2 Citations (Scopus)
4 Downloads (Pure)

Abstract

DNA within cells is subject to damage from various sources. Organisms have evolved a number of mechanisms to repair DNA damage. The activity of repair enzymes carries its own risk, however, because the repair of two nearby lesions may lead to the breakup of DNA and result in cell death. We propose a mathematical theory of the damage and repair process in the important scenario where lesions are caused in bursts. We use this model to show that there is an optimum level of repair enzymes within cells which optimises the cell's response to damage. This optimal level is explained as the best trade-off between fast repair and a low probability of causing double-stranded breaks. We derive our results analytically and test them using stochastic simulations, and compare our predictions with current biological knowledge. (C) 2011 Elsevier Ltd. All rights reserved.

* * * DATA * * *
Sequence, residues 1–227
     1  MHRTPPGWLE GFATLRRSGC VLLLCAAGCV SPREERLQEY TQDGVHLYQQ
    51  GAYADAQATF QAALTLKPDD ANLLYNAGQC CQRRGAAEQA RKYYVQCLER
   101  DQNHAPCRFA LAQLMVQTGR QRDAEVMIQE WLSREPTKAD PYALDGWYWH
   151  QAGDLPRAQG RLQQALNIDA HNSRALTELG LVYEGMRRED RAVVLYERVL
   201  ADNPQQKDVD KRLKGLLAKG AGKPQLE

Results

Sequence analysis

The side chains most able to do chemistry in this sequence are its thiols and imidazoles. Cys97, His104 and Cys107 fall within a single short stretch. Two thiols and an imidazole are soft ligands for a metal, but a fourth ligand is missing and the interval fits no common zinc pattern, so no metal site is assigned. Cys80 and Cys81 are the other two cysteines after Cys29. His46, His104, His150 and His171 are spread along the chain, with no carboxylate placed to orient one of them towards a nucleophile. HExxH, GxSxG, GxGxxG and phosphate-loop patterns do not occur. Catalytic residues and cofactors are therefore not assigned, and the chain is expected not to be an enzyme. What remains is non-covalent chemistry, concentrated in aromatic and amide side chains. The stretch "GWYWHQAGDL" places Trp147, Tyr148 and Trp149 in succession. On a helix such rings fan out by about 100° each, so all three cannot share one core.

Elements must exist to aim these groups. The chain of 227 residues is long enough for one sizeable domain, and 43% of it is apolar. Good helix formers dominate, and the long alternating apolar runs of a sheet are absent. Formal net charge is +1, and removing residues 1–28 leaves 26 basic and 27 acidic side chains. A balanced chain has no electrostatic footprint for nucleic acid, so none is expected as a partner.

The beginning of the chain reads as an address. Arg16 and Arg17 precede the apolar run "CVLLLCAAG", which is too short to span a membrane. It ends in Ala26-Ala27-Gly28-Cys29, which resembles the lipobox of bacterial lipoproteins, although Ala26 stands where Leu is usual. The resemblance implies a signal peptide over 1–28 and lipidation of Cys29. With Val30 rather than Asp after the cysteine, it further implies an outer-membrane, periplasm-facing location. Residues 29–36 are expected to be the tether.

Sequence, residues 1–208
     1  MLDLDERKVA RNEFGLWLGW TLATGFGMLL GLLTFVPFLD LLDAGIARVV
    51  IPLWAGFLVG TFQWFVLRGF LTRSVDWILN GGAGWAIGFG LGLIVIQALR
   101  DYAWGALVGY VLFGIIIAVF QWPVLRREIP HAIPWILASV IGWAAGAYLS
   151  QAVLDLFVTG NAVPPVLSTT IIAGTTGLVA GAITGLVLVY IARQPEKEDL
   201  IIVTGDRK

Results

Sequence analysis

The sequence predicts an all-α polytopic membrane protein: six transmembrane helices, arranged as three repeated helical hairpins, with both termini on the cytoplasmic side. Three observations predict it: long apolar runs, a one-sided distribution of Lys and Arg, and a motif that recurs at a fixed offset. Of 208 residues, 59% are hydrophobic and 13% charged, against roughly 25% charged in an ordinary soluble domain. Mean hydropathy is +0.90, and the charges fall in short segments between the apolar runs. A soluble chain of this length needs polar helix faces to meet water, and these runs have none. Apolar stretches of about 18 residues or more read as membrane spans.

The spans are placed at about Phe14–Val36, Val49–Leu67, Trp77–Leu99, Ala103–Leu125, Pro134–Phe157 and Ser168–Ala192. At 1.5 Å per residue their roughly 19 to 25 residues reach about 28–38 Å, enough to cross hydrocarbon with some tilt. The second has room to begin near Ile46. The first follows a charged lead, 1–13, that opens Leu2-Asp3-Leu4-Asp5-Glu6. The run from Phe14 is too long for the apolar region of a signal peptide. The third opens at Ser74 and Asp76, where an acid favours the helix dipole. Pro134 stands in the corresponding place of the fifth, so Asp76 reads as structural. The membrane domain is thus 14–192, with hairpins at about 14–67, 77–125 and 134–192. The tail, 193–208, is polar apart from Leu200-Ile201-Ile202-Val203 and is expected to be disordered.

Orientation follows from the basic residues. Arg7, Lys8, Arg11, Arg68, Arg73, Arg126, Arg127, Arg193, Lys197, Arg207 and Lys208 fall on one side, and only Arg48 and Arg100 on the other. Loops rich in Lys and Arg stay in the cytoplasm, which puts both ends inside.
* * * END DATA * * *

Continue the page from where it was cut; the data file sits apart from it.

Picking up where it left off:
Original languageEnglish
Pages (from-to)39-43
Number of pages5
JournalJournal of Theoretical Biology
Volume292
Early online date19 Sep 2011
DOIs
Publication statusPublished - 7 Jan 2012

    Fingerprint

Keywords

  • DNA damage
  • DNA repair
  • stochastic modelling
  • nucleotide excision-repair
  • Escherichia-coli
  • mathematical-model
  • SOS response
  • damage
  • mechanisms
  • irradiation
  • radiation
  • survival

Cite this